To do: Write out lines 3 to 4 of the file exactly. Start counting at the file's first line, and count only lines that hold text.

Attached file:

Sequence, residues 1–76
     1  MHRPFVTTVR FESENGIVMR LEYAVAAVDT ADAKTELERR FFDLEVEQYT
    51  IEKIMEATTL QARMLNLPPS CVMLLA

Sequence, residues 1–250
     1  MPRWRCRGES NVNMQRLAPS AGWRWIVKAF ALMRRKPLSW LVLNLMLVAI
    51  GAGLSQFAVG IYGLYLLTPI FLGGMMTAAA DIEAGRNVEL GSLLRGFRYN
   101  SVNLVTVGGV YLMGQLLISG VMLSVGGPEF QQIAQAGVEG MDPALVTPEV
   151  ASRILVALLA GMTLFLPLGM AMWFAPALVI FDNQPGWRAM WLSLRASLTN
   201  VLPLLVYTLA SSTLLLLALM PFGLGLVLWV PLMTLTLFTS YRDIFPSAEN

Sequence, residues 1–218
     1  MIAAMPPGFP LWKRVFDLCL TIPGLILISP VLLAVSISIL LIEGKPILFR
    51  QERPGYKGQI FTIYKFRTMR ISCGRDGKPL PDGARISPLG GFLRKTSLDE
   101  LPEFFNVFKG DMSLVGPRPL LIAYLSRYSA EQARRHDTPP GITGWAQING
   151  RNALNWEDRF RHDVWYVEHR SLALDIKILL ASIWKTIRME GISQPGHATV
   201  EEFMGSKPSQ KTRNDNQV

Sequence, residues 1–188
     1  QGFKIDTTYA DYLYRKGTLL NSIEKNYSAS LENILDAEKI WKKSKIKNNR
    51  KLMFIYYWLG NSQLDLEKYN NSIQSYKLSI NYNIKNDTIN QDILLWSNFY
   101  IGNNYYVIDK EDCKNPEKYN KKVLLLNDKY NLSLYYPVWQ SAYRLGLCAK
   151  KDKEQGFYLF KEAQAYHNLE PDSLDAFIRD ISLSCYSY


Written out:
    51  IEKIMEATTL QARMLNLPPS CVMLLA

Sequence, residues 1–250